Laid back doesn’t mean easy. In fact, being controlling is a form of laziness—when I’m controlling, it’s because I’m trying to prevent a mess so I don’t have to clean it up later. Relaxing takes more vigor, more confidence.

You know that scene in a movie where two people in an office are so excited to get it on that the guy sweeps everything off his desk and then the woman tears his shirt off, sending buttons everywhere? Scenes like that take my wife and I right out of the story because we can’t help thinking of the poor PAs who had to reassemble the stuff on the desk and pick up all the buttons after each take for one stupid trope.

As the creator, however, you have to be willing to sweep everything off the desk.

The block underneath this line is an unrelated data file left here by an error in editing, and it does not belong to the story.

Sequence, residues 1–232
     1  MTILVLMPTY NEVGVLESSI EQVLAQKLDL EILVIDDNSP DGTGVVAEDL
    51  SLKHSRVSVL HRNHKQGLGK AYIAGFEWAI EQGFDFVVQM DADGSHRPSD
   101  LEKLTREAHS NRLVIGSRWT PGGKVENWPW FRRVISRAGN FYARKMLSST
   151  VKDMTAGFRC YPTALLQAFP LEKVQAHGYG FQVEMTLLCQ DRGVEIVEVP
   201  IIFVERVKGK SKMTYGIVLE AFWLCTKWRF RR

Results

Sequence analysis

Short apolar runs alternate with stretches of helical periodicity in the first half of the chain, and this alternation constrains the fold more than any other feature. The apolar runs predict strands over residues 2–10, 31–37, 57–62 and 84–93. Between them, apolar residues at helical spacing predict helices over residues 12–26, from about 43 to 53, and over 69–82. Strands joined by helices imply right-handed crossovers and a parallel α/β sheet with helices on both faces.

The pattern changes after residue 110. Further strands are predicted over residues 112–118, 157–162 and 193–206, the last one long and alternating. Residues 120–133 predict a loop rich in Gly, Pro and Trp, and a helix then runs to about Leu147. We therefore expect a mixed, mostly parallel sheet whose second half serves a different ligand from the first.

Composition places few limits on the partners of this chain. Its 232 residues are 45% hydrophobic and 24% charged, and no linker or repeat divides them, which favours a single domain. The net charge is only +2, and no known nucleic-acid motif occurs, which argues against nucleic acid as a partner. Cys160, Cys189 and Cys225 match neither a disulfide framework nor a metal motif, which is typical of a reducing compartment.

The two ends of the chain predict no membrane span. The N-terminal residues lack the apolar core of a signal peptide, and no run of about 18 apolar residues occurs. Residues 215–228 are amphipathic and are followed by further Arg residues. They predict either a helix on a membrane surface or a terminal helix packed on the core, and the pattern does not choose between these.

My thinking about this case has become very uptight.

The Dude

To solve the case, relax. When the cocaine didn’t help, Holmes went the other direction and played his violin.

Concentration requires relaxation. Attention Restoration Theory (ART) was developed in the 1980s by Rachel and Stephen Kaplan, two professors of psychology at the University of Michigan. According to the theory, focused attention uses up our reserve of mental energy. By spending time in “restorative environments,” we can replenish that energy. What makes an environment restorative? The Kaplans created a set of formal characteristics, but they boil down to “take a hike.” Get out of your space into a new environment and move through it.

No, not like Stephen Wolfram does, with a laptop tied around his neck so he can type as he walks. What you’re looking for is an area with soft fascination, when “there is enough interest in the surroundings to hold attention but not so much that it compromises the ability to reflect.” Think leaves rustling in a breeze or puffy white clouds drifting across the sky. (I like jazz and other “ambient” types of live performance for this, too. Sorry, jazz musicians.)